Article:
Donatello's Annunciation

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  • Topic: Gabriel, Angel, Illuminated manuscript
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  • Published : December 6, 2012
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In your own words, explain how Donatello has told the story of The Annunciation in sculpture and why contemporaries were so impressed with his achievement.

Donatello is considered to be one of the most influential artists of the 15th century. A

member of the innovative group of painters, architects and sculptors that revolutionised art in

Florence at the beginning of the 15th century, he succeeded in becoming perhaps the most successful

in his field due to his understanding of the aspects of classical sculpture and the creative and

emotive way in which he adapted them to his own works. In particular, his reliefs surpassed all

others of the time in terms of their dramatic effect and complexity of character placement and

spatial awareness. I am going to describe how Donatello depicted the scene of the Annunciation in

sculpture through his combination of different classical motifs and methods and also in the

materials he used. I will discuss how he conveyed human emotions through his careful and modern

placement of the characters while also staying true to the traditional image of the Angel Gabriel

delivering the news to the Virgin. I will also talk about how Donatello's risks, skill and innovation

made him so admired by his contemporaries and how he influenced subsequent changes in

sculpture.

The Cavalcanti Annunciation in shiacciato relief was made out of local macigno sandstone instead of the

usual marble. It is quite easy to carve which made it possible for Donatello to create the richly decorated

tabernacle and flowing lines of the figures. It also made it easier for Donatello to have greater depth in the

scene, creating more contrast between light and dark and [1]“in order to create the effect of an interior setting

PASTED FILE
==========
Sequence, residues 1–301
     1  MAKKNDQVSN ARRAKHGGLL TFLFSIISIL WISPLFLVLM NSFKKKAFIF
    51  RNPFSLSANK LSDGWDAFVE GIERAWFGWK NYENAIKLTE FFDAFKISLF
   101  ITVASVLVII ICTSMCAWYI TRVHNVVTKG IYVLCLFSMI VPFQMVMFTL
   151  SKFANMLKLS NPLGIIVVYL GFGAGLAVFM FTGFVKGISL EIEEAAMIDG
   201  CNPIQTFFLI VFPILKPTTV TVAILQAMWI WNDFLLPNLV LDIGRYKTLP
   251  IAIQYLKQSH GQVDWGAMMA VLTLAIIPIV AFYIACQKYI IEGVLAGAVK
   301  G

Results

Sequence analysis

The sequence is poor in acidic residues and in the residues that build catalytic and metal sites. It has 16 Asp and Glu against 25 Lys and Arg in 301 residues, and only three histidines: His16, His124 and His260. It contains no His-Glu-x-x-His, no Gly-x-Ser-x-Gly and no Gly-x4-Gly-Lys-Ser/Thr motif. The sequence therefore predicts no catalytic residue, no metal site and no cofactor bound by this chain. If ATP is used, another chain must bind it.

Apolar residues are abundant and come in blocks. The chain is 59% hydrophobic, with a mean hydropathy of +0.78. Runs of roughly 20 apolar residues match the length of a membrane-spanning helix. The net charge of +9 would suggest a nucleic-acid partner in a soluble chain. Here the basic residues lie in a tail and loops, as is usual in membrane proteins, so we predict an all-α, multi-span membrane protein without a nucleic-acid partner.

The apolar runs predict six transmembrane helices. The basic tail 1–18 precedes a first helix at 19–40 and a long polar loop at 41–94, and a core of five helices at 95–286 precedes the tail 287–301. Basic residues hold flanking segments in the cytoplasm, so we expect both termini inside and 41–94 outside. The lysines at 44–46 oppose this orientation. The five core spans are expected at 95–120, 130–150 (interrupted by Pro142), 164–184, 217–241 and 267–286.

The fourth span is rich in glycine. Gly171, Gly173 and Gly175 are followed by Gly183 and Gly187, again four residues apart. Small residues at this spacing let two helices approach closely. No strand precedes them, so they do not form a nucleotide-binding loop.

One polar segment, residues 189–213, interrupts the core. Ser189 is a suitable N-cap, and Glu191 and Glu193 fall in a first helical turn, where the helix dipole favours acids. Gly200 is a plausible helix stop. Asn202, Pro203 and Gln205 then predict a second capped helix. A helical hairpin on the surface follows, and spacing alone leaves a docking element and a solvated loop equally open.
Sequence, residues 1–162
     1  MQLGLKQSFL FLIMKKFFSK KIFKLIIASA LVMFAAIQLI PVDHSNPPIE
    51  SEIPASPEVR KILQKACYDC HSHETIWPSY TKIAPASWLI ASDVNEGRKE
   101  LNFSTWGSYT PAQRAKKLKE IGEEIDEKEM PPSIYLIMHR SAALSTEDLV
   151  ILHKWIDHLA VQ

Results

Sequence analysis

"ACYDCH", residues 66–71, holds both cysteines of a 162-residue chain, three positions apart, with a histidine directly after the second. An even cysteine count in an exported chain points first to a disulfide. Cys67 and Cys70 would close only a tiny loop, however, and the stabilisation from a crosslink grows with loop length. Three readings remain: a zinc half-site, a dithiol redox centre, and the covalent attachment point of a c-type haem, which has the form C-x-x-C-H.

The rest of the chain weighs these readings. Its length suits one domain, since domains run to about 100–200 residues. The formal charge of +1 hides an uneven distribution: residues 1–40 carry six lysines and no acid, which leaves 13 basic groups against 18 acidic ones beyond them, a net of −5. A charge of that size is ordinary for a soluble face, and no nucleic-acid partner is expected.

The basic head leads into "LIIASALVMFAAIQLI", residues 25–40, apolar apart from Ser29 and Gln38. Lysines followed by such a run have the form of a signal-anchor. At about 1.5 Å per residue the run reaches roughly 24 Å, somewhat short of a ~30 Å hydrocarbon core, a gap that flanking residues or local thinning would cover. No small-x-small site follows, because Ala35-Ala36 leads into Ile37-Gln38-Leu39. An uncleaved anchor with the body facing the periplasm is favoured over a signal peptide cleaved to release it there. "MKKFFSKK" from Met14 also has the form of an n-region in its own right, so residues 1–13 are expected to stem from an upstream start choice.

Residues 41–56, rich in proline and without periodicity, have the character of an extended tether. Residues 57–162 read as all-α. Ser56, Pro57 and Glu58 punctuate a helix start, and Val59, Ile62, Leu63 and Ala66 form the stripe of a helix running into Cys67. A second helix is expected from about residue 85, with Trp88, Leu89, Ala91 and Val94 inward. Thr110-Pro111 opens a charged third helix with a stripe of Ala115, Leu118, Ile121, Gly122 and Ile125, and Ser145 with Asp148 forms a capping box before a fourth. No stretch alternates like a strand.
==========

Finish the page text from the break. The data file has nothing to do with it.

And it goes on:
with intarsia panelling”.

The sillouhette of Donatello's tabernacle seems to be the end product of a whole line of

tabernacles designed to house grave offerings or effigys of the gods. Some of the earlier ones from

Lilybeum on the south coast of Sicily actually provide a covering or shelter for the objects within.

This idea is echoed in Donatello's Annunciation which shows a walled room with a definite ceiling

and floor. This technique creates a sense of a place and gives the viewer the impression of looking in on a private moment, of experiencing something very personal and confidential. There are other

possible ,but perhaps less likely, sources as to the origins of the tabernacle form, such as the higly

decorative Roman fountains that can be found in their best condition in Pompeii. Another

suggestion is medieval manuscript illumination, in particular canon tables.

For the architectural detail, Donatello possibly took inspiration from shingled pilasters such as the

ones in the urn of T.Claudius Victor. Again, he adapted this idea to create a more refined pliaster

that tapers gracefully to the top. Manuscript illumination also has examples of the Annunciation

scene set in decorative tabernacles with detailed columns and pilasters which may have served to

inspire Donatello's own Annunciation aedicule. A prime example is a panel by Jacopo di Ciono

which also places the Virgin and angel opposite each other, pressed against either wall. Donatello

does not replicate the work of others but it would be fair to conclude that [2]“ Donatello is adapting

medieval traditions for the design of his tabernacle, as well as adopting antique ideas”.

The small, mischevious terracotta putti on top of the tabernacle are a clever addition by Donatello to

balance out the composition and act as a counterbalance to the solemn scene playing out underneath. Though

some critics state that they were a later addition, it is more probable that they were part of the original

architectural detailing. There is even more decorative addition with the patterns on the throne and rear wall...
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